I realize that yesterday’s National Board of Review awards were damaged goods from the get-go, given the org’s idiosyncratic oddball rep and all. But the Letters From Iwo Jima Best Picture win was nonetheless a good thing, if for no other reason that the startle factor. That aside, I had four significant beefs with the hand-outs.
(a) The Best Supporting Actor trophy going to Blood Diamond‘s Djimon Hounsou felt like an especially deranged call. Honsou’s acting in that film is emotionally excessive — he has two emotional-outburst moments are flat-out idiotic. The worst is a scene in which he and Leo are hiding in the dark from a platoon of bad-ass hip-hop rebels — very dangerous, hair-trigger cats armed with automatic weapons — when the crouching Honsou suddenly sees his kidnapped, long-lost son among them. Naturally, this being an Ed Zwick film, he immediately jumps up and shouts out, “Son!” He should have died right there and then. All stupid people (i.e., those without the sense to hold themselves in check when their lives are in danger) deserve a bullet in the head.
(b) The Best Supporting Actress award going to For Your Consideration‘s Catherine O’Hara means that NBR voters thought she was more deserving than Cate Blanchett (Notes on a Scandal, Babel); Jennifer Hudson (Dreamgirls); Ivana Baquero (Pan’s Labyrinth); Adriana Barraza (Babel); Carmen Maura (Volver), Abigail Breslin (Little Miss Sunshine) or Babel‘s Rinko Kinkuchi. That’s just absurd.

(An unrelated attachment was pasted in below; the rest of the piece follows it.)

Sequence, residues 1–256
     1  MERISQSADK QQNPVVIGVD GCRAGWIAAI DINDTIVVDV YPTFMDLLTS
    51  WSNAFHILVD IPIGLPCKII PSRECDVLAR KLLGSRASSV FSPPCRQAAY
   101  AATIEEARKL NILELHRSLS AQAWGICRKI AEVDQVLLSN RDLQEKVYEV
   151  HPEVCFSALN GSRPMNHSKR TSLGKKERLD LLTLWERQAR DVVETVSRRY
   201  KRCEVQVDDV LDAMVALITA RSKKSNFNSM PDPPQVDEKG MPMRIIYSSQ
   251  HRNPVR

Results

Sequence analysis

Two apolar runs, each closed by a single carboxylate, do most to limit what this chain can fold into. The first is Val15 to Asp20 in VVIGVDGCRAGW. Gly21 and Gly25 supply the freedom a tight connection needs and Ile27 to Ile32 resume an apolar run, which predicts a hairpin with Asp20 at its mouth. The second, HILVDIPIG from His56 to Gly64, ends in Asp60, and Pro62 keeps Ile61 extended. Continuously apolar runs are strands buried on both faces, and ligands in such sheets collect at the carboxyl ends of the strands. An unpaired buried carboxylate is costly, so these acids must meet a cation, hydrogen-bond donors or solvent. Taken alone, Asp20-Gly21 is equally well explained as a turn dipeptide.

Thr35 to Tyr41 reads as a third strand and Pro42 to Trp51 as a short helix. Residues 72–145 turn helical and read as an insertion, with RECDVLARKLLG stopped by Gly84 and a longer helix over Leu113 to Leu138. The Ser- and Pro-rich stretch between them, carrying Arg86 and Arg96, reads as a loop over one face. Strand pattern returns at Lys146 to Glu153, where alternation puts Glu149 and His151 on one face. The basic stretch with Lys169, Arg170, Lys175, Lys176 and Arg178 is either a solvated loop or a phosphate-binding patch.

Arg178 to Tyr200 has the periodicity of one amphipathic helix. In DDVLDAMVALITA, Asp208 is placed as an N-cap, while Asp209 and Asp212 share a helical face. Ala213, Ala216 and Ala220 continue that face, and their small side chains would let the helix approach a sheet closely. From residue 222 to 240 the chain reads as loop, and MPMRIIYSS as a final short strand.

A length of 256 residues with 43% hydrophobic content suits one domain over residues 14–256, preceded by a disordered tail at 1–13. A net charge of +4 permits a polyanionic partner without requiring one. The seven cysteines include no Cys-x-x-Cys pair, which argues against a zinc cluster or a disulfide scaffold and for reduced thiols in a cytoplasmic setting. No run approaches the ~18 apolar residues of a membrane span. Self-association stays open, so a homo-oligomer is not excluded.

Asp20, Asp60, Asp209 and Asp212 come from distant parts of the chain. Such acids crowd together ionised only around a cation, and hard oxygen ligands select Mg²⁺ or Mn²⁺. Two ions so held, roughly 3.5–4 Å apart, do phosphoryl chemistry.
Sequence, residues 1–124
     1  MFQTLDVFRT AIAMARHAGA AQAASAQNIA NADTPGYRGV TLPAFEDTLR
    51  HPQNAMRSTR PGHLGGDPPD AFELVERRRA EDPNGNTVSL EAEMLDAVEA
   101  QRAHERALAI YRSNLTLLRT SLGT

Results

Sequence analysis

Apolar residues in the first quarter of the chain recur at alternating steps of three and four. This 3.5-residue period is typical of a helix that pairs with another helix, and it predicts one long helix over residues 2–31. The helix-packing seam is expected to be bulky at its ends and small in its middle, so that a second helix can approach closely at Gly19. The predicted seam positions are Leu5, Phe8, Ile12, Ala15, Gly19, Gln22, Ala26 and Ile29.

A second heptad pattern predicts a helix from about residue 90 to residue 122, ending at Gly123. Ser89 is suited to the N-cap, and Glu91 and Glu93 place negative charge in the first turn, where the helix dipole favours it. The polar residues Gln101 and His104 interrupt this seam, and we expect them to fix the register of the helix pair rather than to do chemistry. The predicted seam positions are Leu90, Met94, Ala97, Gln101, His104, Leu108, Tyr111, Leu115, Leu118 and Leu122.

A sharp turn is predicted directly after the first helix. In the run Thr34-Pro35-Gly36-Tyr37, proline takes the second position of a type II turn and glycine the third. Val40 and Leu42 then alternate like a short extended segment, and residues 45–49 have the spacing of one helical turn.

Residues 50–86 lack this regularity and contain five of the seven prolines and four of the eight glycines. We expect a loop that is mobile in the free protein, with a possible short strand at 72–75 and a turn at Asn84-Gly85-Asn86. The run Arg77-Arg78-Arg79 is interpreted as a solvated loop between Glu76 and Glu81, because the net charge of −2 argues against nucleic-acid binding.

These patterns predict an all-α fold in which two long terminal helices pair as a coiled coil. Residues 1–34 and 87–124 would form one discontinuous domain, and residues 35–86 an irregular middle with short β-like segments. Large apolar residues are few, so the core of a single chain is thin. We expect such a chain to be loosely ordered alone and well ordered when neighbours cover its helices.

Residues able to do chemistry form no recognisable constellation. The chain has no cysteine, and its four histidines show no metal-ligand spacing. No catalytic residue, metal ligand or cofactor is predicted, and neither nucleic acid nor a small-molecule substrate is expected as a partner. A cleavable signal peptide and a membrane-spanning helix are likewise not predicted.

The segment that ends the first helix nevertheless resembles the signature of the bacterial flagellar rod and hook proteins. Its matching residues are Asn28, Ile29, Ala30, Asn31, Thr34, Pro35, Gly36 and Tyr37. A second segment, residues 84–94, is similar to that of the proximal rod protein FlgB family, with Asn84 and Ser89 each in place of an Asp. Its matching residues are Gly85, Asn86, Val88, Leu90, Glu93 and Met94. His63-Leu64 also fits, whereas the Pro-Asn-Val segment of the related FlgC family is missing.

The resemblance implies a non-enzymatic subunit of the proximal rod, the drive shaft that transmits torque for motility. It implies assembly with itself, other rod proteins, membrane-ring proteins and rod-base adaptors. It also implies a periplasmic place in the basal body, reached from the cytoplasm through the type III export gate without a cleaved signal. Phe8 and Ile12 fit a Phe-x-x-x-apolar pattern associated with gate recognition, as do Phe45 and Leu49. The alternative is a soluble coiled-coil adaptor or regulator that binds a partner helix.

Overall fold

(c) The NBR’s Best Original Screenplay went to Stranger Than Fiction‘s Zach Helm because they wanted to honor Helm’s inability (refusal?) to define the metaphysical system in that film? At no time do you clearly understand whether Will Ferrell’s tax man is some kind of organic but basically “fictional” guy living inside novelist Emma Thompson’s head, or, if he’s as “real” as you or me or Dustin Hoffman‘s character, how it is that Thompson’s decision to kill him off in her book is going to affect him. Helm’s screenplay is infuriating.
(d) The NBR omitting Florian von Henckel Donnersmarck‘s The Lives of Others from its top five foreign-film list is just nutso…a joke. The ones they went with are Volver, (the favorite), Curse Of The Golden Flower, Days Of Glory, Pan’s Labyrinth and Water.